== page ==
Bottega Veneta’s short film, “Emotion of Sound,” works to answer that question. The recently released ad campaign draws up creative director Tomas Maier’s personal relationship with dance. He was inspired by the journey a dancer takes while on her way to rehearsal. He was even quoted as saying that it was the “woman who has beautiful posture, moves her arms gracefully, and has a dancer’s walk” that was the impetus of this video. The soundtrack also utilizes dance by taking sound captures of the clothing as it moved on the dancers’ bodies.

While you can view the film online, it will also find another life at the Bottega Veneta’s store in Ginza, Japan. As part of the performance art/fashion show installation, customers can stand in front of a screen, casting a shadow that will then be transformed into an animated Bottega Veneta-clad dancer.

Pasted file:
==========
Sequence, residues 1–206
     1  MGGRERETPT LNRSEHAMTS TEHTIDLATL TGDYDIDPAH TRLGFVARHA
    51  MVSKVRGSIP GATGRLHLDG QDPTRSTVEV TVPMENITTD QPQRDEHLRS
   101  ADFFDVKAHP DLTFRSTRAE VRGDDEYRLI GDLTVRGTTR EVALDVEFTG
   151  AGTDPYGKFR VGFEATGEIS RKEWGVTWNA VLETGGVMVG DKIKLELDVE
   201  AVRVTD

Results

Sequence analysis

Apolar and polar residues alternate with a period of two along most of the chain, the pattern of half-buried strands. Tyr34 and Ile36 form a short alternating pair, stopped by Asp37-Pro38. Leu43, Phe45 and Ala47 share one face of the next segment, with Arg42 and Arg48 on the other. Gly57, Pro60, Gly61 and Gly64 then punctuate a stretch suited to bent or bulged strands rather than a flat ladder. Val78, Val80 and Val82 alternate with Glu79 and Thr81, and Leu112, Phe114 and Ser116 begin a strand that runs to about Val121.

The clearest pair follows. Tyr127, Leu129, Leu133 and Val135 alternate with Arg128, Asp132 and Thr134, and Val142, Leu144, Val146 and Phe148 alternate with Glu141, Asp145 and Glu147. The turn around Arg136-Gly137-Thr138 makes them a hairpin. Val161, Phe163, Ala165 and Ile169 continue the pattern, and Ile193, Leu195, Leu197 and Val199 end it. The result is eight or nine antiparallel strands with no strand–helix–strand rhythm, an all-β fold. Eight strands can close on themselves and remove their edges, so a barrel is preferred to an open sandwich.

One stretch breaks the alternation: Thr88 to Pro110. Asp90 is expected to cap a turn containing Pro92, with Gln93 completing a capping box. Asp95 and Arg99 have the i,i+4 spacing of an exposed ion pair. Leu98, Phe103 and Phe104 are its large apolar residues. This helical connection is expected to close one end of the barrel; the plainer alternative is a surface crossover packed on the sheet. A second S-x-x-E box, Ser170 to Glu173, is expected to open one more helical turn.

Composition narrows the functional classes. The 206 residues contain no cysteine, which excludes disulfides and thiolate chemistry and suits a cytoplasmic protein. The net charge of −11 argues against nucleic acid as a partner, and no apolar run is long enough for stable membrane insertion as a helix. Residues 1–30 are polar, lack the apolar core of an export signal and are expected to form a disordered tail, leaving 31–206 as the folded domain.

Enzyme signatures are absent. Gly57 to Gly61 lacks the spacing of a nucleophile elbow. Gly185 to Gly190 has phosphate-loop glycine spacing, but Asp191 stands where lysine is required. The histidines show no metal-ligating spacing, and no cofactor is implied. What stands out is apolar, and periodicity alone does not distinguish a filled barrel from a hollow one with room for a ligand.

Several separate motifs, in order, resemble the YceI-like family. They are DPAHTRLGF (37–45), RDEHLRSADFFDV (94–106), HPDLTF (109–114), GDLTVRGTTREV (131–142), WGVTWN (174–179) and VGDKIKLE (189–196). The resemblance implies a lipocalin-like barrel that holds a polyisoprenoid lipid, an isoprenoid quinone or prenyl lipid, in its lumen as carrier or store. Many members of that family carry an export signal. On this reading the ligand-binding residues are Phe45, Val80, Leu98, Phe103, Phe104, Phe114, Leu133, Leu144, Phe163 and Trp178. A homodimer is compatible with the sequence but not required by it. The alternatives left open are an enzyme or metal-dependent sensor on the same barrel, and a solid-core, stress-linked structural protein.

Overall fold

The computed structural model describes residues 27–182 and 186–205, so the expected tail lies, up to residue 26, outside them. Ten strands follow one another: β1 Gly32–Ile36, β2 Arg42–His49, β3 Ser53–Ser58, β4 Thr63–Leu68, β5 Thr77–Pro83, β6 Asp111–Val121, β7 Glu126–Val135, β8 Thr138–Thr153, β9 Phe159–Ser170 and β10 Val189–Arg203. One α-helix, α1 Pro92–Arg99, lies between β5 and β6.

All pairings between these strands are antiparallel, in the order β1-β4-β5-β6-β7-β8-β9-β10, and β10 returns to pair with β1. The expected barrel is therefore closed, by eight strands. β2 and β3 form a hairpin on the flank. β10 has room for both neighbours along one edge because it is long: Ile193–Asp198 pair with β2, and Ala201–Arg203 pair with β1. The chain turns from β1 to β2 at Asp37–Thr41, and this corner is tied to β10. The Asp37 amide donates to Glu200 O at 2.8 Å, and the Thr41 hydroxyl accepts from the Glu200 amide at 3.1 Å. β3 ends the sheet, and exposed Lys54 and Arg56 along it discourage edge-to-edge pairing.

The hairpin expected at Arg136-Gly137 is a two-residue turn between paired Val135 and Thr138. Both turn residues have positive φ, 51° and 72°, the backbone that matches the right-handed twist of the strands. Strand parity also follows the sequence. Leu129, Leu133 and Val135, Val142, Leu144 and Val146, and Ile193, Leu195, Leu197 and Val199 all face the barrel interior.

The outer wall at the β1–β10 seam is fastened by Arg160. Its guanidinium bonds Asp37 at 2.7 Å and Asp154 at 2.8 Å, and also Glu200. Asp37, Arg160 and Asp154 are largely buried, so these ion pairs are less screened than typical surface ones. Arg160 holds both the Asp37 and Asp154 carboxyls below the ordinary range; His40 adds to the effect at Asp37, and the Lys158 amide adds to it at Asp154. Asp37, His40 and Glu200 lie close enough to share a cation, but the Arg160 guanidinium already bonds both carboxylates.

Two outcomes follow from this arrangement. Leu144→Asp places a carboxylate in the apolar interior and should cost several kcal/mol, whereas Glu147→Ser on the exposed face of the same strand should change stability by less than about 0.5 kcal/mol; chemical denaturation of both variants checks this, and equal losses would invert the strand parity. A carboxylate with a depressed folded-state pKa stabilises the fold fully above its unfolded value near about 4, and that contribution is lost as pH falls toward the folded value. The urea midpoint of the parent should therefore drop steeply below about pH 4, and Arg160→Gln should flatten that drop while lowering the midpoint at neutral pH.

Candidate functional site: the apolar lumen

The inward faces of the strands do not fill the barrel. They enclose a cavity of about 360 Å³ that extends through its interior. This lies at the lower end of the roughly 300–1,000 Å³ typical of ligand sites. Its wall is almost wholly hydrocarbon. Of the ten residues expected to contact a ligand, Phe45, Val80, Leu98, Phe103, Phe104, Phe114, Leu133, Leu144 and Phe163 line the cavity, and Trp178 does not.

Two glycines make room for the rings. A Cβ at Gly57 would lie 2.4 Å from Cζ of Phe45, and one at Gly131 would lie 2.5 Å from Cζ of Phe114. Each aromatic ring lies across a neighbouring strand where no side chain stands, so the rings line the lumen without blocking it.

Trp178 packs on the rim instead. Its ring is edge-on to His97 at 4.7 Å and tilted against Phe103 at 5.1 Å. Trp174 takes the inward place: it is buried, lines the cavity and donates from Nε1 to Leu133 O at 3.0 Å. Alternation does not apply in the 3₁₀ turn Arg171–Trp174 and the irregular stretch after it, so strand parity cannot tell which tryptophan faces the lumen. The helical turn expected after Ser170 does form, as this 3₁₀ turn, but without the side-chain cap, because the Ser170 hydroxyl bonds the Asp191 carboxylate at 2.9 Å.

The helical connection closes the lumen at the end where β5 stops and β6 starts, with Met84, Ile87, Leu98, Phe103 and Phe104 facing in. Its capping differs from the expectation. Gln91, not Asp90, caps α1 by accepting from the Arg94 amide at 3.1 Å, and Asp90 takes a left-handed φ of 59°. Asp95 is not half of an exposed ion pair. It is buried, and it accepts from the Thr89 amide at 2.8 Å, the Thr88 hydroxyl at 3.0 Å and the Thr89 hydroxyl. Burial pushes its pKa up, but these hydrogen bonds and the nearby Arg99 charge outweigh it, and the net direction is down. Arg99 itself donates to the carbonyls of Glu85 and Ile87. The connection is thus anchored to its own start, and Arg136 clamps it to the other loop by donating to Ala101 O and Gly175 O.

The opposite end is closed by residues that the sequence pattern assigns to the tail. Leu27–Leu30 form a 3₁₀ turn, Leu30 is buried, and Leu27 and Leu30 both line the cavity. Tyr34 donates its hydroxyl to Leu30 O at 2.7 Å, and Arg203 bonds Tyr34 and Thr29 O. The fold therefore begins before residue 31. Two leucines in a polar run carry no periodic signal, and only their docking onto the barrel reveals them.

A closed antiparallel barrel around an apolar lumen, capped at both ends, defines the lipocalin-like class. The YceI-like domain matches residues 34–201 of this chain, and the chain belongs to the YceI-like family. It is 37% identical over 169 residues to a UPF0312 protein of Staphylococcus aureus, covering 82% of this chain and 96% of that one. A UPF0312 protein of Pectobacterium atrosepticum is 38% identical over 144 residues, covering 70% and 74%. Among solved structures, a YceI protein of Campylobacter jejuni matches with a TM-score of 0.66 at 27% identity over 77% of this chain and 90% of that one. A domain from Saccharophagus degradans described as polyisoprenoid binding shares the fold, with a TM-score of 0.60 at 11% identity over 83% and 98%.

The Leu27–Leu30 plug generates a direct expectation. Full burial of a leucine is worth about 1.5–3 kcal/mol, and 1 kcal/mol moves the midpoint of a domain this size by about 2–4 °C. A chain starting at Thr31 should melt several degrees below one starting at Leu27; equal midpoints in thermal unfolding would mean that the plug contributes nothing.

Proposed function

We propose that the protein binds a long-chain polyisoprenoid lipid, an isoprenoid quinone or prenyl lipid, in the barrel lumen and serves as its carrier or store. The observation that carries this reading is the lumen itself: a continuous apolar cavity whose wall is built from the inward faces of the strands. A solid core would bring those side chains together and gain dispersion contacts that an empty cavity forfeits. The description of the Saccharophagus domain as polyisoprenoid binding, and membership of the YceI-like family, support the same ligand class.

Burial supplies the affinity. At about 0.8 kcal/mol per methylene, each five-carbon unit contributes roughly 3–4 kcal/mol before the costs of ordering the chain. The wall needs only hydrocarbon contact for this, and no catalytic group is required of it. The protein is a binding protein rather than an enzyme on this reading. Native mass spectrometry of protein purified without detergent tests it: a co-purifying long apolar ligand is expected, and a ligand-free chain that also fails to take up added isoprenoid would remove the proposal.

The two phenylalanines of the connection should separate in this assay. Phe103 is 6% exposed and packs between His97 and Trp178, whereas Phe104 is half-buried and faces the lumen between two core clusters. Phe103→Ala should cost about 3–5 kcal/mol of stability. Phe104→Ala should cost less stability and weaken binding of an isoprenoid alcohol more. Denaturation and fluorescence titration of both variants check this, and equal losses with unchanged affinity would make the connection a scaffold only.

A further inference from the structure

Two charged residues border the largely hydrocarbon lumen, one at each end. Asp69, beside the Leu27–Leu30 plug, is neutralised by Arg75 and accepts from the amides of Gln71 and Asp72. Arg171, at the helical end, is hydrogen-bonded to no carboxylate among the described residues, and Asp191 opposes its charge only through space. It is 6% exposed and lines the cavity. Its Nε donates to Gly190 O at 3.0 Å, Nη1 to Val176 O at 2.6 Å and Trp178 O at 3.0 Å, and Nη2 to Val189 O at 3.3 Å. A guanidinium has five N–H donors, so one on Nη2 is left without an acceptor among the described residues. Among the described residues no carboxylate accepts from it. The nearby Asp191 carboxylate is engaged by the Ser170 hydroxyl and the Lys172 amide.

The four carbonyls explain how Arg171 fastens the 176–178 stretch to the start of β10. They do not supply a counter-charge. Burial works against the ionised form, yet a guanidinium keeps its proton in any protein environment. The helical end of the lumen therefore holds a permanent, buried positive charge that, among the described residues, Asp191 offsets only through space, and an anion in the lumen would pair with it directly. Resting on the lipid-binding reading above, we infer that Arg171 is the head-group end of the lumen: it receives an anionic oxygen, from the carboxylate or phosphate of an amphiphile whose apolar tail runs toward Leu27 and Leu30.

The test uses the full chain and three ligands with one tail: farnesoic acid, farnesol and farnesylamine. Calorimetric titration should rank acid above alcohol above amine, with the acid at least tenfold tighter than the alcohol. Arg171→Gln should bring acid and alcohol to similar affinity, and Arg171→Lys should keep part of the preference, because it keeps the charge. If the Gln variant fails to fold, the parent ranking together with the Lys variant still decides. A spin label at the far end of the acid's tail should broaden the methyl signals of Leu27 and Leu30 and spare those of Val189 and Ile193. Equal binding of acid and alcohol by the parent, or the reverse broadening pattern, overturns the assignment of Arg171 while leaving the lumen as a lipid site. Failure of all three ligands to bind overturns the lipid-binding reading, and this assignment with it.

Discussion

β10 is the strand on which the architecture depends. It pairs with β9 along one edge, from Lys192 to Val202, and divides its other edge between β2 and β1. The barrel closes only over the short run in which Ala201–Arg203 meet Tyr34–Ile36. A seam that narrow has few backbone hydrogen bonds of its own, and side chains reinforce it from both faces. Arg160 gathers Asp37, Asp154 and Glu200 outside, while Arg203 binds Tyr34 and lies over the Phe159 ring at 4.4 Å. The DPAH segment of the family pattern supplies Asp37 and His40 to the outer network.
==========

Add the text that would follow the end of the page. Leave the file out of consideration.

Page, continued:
But it’s really no surprise that dance is inspiring these designers. There is a recent history of dance and fashion combining forces. Most famously, the current Under Armor campaigns with Misty Copeland. Cole Hann’s 2014 print campaign utilized the talents of dancers from the New York City Ballet. Lavin’s Fall 2011 campaign video featured a handful of models dancing to Pitbull’s “I Know You Want Me,” and racked up more than 100,000 views on the day it premiered. They revisited the idea of using dance in their Fall 2012 when they cast a fierce 82-year-old Jacquie “Tajah” Murdock, former Apollo Theater dancer. British designer Vivienne Westwood teamed up with the English National Ballet to provide costumes for the company’s 2013 publicity shots.

(Then there is the ad that we should never ever speak about again: the 2014 Free People viral video campaign for “barre-ready dancewear.” That girl was not a dancer.)